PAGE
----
Humanity Hallows Issue 5 Out Now
Pick up your copy on campus or read online
By Jamie Stewart
Amy Liptrot was born in Orkney, a group of islands in the north of Scotland, between the North Sea and the Atlantic. Her father lives with bi-polar disorder and is prone to manic episodes, her mother a born-again Christian. Amy moves away from her family home to London, a city as wild as the islands that she grew up on, but for different reasons. Spending a decade or so in London, she leaves behind her a trail of aborted relationships and menial jobs and eventually descends into alcohol addiction. In her book The Outrun, she describes frankly how a series of events led to a complete lack of control of her own life.
Needing change, Amy leaves London behind. She returns to Orkney and finds herself increasingly obsessed with nature – birds and sheep, tides and astronomy. Becoming more and more connected to the wildlife that surrounds her, she gets a job at an RSPB reserve, searching for the elusive corncrake, and adopts the moniker The Corncrake Wife.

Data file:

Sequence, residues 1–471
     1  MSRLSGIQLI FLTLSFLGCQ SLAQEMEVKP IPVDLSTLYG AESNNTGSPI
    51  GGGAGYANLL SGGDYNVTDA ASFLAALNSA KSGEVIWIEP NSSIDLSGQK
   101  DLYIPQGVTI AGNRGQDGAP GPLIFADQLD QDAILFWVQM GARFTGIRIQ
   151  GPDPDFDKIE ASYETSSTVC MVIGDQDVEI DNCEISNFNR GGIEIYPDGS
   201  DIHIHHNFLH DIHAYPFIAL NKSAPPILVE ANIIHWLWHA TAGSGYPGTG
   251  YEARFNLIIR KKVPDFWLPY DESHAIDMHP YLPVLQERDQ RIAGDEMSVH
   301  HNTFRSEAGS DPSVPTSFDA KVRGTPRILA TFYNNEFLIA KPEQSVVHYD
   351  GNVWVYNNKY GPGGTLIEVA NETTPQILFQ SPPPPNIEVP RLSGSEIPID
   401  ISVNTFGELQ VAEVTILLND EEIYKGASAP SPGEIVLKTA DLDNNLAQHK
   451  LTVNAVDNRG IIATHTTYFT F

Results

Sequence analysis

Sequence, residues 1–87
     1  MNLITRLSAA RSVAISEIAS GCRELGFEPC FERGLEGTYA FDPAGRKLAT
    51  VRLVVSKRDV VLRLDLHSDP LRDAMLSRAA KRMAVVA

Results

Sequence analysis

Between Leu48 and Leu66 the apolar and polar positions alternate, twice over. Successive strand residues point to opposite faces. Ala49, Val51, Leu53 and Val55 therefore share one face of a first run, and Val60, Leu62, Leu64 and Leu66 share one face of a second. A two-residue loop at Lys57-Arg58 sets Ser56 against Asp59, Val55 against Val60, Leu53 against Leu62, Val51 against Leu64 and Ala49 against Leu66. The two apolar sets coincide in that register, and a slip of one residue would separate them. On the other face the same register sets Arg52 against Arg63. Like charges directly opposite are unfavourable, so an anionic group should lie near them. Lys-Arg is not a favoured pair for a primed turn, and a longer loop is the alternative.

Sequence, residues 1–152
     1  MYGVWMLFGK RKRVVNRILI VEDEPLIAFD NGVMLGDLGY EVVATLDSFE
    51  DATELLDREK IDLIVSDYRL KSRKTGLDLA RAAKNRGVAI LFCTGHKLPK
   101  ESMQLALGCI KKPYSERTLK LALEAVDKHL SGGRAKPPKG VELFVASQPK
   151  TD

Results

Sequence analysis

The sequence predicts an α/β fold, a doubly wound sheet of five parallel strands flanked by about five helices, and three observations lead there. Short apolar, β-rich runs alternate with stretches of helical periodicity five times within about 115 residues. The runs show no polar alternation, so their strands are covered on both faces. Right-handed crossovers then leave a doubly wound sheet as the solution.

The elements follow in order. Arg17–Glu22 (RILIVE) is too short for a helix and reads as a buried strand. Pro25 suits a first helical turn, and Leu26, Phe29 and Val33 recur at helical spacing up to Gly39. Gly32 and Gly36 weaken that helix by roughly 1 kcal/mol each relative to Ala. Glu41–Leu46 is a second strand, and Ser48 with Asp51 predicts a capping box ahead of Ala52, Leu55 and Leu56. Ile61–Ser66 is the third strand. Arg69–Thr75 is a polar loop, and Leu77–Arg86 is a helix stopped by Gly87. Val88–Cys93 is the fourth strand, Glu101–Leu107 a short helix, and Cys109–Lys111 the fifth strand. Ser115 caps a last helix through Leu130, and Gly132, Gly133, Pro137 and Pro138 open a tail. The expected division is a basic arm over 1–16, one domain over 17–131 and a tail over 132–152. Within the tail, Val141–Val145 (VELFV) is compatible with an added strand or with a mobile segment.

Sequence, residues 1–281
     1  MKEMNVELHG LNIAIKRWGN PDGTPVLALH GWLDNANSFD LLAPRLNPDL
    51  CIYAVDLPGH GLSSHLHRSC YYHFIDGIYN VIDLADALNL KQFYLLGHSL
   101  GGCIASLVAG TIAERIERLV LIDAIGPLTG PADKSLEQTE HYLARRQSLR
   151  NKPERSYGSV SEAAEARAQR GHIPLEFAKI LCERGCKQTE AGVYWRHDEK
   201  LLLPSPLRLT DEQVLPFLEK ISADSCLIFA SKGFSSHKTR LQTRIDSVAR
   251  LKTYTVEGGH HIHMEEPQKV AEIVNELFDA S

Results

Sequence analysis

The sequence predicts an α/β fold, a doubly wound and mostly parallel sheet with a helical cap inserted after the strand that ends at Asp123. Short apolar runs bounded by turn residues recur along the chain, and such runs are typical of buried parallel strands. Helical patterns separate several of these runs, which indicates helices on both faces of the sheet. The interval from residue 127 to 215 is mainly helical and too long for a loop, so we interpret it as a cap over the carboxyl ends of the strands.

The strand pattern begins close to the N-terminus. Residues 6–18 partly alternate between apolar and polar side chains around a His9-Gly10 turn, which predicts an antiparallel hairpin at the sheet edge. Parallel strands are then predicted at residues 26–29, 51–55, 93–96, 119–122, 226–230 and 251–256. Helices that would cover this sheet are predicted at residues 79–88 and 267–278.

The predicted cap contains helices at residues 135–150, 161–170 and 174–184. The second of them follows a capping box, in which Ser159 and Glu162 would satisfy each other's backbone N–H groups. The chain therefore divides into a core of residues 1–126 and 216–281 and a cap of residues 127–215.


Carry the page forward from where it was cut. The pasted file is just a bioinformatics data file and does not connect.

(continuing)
She spends her Saturday mornings in the North Sea with the Orkney Polar Bear Club, her days roaming the different islands, and her nights looking for the Merry Dancers (the Northern Lights to non-island folk). Island life becomes integral to her recovery. However, the beauty and danger of the Isles don’t offer Liptrot solace immediately. Her journey is punctuated throughout with candid descriptions about her persistent cravings.
The Outrun is more than just a memoir. It is a touching story about one woman’s journey to recovery, and how her connection with nature aids her convalescence. She uses this strong connection with nature to her advantage, mapping her own history onto the islands of Orkney. In a chapter entitled ‘Personal Geology’, she writes: “The islands’ headlands rise above the sea, like my limbs in the bathtub, my freckles are famous landmarks and my tears rivers. My lovers are tectonic plates and stone cathedrals.”
What struck me most was Liptrot’s unwavering candour. She writes in a way that dissolves the stigma that is often attached to alcohol addiction, and focuses on healing. The Outrun is a perfect read for anyone who, like Liptrot, finds themselves born or living on the edge.